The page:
Environmental rights are diagonal if they are held by individuals or groups against the governments of states other than their own. The potential importance of such rights is obvious: governments' actions often affect the environment beyond their jurisdiction, and those who live in and rely upon the environment affected would like to be able to exercise rights against the governments causing them harm. Although international law has not adopted a comprehensive, uniform approach to such rights, human rights law and international (...) environmental law have begun to develop some possible bases for diagonal environmental rights. Human rights law operates primarily along a vertical axis, setting out individuals' rights against their governments and the corresponding duties owed by the governments, but it may also be diagonal, giving rise to duties on the part of states that extend beyond their own territory. The scope and extent of diagonal human rights are often controversial, and environmental rights face additional difficulties, because the environmental protection required by human rights is clarifying only gradually, on a case-by-case basis. To the extent that human rights require such protection when aligned vertically, it would be logical to conclude that they require the same degree of protection whenever they may be aligned diagonally. Human rights law provides few precedents to support that conclusion, however. Compared to human rights law, international environmental law (IEL) provides a clearer and more specific set of duties with respect to environmental protection. Moreover, most IEL is extraterritorial, in that it requires states to regulate actions within their control that could harm the environment beyond their territory. The problem with grounding diagonal environmental rights in IEL is that, in contrast to human rights law, most IEL operates along a horizontal axis: its duties are owed by states to other states, not to private actors. If the challenge for human rights law is to extend rights from the vertical axis to the diagonal, the challenge for IEL is to derive diagonal rights from horizontal ones. (shrink)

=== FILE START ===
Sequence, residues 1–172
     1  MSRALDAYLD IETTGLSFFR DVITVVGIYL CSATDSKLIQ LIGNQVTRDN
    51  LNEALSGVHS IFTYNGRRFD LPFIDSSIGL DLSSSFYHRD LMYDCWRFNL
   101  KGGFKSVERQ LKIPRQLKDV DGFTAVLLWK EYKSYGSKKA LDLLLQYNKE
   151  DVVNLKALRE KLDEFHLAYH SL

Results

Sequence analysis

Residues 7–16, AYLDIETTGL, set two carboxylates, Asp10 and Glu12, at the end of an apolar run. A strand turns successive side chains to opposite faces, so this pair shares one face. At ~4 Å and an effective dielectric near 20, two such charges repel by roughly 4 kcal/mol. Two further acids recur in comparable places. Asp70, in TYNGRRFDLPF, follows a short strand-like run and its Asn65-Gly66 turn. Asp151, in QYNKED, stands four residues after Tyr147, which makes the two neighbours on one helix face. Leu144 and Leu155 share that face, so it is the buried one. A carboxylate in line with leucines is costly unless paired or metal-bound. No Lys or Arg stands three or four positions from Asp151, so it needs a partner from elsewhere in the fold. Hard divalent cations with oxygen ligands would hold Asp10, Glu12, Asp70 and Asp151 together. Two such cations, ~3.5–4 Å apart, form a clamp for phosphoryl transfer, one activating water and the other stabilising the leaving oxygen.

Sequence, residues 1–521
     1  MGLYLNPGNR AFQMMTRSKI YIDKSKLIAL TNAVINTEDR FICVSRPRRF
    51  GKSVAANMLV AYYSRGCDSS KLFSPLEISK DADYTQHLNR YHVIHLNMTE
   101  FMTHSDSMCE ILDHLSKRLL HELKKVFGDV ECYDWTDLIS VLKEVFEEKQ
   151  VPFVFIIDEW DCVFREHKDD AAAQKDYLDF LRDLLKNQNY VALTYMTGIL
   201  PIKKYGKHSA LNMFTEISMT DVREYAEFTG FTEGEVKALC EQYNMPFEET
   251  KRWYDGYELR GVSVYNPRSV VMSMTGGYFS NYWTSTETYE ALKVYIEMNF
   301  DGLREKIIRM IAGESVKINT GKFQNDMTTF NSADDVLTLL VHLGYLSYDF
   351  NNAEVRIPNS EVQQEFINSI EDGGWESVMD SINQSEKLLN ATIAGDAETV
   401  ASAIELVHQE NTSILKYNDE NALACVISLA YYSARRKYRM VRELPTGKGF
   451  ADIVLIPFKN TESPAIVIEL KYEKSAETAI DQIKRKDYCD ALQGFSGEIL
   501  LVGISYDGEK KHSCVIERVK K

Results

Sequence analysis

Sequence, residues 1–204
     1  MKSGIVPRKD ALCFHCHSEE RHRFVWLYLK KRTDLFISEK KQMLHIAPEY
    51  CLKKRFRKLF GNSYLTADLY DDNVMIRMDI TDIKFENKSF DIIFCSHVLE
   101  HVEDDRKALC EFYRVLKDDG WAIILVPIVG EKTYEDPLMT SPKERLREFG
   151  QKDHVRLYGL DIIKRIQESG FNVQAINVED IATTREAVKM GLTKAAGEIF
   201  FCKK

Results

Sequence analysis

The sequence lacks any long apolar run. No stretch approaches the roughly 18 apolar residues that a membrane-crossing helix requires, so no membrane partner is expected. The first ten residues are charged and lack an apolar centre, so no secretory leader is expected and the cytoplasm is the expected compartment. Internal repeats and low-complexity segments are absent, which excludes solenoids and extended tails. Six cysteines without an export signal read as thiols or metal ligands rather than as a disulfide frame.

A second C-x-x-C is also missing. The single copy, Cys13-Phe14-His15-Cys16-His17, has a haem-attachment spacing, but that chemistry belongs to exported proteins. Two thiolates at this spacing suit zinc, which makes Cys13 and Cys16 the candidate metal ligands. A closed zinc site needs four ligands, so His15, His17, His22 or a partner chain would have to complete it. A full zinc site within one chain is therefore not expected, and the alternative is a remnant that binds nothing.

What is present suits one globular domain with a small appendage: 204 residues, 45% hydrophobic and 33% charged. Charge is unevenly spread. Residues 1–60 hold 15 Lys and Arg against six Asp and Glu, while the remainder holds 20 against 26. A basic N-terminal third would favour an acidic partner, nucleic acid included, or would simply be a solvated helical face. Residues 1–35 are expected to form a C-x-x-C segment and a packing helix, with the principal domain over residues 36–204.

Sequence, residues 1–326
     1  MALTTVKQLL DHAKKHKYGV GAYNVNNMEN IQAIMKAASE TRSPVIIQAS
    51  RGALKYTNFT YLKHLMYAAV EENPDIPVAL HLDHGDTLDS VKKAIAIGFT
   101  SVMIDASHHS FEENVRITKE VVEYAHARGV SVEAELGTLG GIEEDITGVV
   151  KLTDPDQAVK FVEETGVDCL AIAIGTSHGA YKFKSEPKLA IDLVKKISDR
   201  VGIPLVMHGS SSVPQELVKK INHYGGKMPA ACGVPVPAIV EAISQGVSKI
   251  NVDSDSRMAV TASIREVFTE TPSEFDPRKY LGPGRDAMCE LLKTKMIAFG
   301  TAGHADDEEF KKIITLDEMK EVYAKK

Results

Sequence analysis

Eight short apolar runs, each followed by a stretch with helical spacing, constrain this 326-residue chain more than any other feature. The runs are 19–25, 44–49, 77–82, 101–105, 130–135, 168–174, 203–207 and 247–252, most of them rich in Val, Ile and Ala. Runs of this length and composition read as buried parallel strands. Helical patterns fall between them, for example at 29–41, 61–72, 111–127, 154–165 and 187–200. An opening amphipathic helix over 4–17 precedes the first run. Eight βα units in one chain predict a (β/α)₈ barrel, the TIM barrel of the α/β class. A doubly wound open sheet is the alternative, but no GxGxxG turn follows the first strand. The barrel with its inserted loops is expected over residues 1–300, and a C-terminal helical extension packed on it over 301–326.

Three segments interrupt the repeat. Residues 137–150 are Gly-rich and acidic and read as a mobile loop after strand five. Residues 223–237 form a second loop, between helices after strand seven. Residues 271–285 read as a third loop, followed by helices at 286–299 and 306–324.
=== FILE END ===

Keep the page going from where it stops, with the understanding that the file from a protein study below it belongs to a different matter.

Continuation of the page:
The by now famous exclusion problem for mental causation admits only one possible solution, as far as I can see, namely: that mental and physical properties are linked by a vertical relation. In this paper, starting from what I take to be sensible premises about properties, I will be visiting some general relations between them, in order to see whether, first, it is true that some vertical relation, other than identity, makes different sorts of causation compatible and second, whether physical (...) and mental properties can be pairs of such relation. (shrink)